Hartley retired in 1962 when an independent Trades and Labor Council replaced the ALP’s district councils. Characterised as a party ‘stalwart’ (Reid 1992, 1), he had provided strong, steady leadership, and was a moderate voice in a period of ferment, when the party split into opposing left and right factions, and some of its members left to form the DLP. In retirement he served in an unpaid position as secretary of the Watchmakers’ and Jewellers’ Union (1963–70). He was made a life member of the ALP in 1984. Predeceased by his wife and survived by their three daughters, he died on 25 June 1991 at Inglewood, Perth, and was buried in Karrakatta cemetery.

Select Bibliography

  • Hartley, Robert. Interview by Stuart Reid, 1990. Sound recording. State Library of Western Australia
  • National Archives of Australia. B2455, Hartley R. A
  • Oliver, Bobbie. Unity is Strength: A History of the Australian Labor Party and the Trades and Labor Council in Western Australia, 1899–1999. Perth: API Network, 2003
  • Reid, Stuart. ‘Bob Hartley 1897–1991: A Tribute.’ In Lenore Layman and Charlie Fox, eds. Papers in Labour History, no. 9 (June 1992): 1-4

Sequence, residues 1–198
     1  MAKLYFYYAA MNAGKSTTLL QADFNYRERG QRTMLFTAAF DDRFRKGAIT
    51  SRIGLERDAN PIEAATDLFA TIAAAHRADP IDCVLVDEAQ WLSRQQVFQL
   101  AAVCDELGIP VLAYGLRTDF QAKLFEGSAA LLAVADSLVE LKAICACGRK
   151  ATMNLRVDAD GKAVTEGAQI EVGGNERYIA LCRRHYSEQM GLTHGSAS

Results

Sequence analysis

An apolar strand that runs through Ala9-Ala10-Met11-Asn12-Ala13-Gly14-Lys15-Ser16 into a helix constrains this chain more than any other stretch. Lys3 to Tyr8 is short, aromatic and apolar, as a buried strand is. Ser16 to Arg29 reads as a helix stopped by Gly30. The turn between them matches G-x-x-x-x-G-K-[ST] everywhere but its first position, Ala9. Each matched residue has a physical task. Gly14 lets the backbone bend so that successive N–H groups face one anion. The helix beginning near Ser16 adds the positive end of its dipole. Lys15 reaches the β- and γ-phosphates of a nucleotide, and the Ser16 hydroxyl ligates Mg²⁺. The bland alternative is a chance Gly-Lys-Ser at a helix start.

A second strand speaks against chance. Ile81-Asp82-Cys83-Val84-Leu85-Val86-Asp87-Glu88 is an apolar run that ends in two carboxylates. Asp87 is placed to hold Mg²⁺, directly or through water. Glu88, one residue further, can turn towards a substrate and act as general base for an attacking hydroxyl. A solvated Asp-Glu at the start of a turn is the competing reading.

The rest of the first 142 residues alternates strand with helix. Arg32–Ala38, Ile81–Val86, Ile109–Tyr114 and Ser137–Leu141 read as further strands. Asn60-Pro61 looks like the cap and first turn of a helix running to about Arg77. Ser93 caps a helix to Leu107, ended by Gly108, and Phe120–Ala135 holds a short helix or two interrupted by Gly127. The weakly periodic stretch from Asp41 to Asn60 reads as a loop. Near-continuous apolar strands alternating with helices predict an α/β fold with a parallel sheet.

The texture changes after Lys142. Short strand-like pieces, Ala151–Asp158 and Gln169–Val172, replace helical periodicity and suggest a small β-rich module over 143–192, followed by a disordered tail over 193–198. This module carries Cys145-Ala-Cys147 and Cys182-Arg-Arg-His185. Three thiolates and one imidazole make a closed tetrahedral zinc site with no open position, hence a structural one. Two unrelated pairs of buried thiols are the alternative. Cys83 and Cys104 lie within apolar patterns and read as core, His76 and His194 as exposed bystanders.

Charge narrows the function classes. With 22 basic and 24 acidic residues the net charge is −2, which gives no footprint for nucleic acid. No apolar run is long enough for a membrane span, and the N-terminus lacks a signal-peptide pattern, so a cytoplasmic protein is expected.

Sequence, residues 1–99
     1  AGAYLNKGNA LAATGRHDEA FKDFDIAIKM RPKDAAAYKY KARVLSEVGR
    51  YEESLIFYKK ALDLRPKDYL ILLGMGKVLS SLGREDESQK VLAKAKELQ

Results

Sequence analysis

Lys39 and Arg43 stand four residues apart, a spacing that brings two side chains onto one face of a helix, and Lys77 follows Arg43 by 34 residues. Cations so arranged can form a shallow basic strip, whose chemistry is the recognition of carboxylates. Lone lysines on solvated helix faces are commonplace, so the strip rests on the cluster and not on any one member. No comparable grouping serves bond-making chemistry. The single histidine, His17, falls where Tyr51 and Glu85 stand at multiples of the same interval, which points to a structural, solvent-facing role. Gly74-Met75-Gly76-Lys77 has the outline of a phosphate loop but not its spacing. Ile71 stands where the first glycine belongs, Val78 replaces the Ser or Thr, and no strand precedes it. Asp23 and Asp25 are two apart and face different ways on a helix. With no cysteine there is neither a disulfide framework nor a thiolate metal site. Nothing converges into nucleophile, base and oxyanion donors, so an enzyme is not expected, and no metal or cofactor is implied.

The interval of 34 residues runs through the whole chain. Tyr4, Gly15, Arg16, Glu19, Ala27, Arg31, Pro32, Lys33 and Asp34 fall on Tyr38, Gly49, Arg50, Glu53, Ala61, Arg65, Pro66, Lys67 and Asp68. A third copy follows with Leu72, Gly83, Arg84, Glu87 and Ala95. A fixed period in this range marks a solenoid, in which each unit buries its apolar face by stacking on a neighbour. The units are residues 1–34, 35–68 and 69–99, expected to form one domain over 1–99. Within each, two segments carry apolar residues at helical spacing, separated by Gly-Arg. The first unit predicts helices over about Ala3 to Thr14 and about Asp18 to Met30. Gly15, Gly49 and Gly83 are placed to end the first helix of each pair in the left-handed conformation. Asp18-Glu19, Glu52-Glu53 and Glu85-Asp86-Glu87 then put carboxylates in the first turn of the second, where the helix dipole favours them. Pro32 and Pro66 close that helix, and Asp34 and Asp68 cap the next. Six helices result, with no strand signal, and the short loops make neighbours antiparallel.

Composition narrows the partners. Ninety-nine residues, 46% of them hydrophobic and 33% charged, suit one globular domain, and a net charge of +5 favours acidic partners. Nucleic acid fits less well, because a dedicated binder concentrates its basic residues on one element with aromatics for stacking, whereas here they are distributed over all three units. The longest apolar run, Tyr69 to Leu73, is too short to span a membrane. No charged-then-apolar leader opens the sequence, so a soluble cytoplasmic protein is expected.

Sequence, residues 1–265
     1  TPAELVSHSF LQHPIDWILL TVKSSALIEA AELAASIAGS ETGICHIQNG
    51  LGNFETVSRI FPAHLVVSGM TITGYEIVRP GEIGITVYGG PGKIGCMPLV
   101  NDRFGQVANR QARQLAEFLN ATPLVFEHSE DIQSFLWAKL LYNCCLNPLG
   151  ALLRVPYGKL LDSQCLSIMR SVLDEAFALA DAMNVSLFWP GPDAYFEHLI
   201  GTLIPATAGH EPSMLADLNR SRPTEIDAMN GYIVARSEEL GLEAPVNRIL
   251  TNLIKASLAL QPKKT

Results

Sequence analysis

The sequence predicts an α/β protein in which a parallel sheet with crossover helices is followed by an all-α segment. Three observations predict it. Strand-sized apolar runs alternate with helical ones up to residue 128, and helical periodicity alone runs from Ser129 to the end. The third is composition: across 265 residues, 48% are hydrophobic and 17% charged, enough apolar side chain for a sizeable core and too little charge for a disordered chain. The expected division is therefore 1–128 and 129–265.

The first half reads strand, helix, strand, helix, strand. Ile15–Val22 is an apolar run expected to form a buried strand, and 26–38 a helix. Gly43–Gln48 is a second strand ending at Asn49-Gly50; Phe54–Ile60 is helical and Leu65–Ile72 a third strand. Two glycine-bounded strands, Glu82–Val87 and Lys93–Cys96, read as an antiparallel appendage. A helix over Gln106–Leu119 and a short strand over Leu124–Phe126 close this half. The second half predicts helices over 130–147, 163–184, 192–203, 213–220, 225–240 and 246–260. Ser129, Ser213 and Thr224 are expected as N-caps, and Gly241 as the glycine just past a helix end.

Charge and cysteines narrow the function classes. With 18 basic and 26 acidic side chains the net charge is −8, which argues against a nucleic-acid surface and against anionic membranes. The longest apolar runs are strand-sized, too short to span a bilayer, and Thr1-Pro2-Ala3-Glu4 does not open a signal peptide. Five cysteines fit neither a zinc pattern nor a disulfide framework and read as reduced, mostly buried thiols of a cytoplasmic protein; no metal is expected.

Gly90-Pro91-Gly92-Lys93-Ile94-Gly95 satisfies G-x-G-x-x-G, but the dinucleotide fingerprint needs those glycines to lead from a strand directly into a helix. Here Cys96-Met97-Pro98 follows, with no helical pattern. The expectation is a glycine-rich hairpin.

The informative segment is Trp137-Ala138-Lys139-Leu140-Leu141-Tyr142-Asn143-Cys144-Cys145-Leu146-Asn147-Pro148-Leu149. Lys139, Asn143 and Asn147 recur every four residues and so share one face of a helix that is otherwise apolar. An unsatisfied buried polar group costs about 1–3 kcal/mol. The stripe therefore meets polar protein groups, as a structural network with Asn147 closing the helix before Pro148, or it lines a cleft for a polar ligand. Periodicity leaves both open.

• Reid, Stuart. ‘Bob Hartley’s Story.’ In Lenore Layman and Charlie Fox, eds. Papers in Labour History, no. 9 (June 1992): 5-23

Additional Resources

Related Entries in NCB Sites

Citation details

Bobbie Oliver, 'Hartley, Robert Aloysius (Bob) (1897–1991)', Australian Dictionary of Biography, National Centre of Biography, Australian National University,, accessed 25 May 2024.

© Copyright Labour Australia, 2012

Life Summary [details]


30 December, 1897
Walton-le-Dale, Lancashire, England


25 January, 1991 (aged 93)
Perth, Western Australia, Australia

Cause of Death


Cultural Heritage

Includes subject's nationality; their parents' nationality; the countries in which they spent a significant part of their childhood, and their self-identity.

Religious Influence

Includes the religion in which subjects were raised, have chosen themselves, attendance at religious schools and/or religious funeral rites; Atheism and Agnosticism have been included.

Military Service
Key Organisations
Political Activism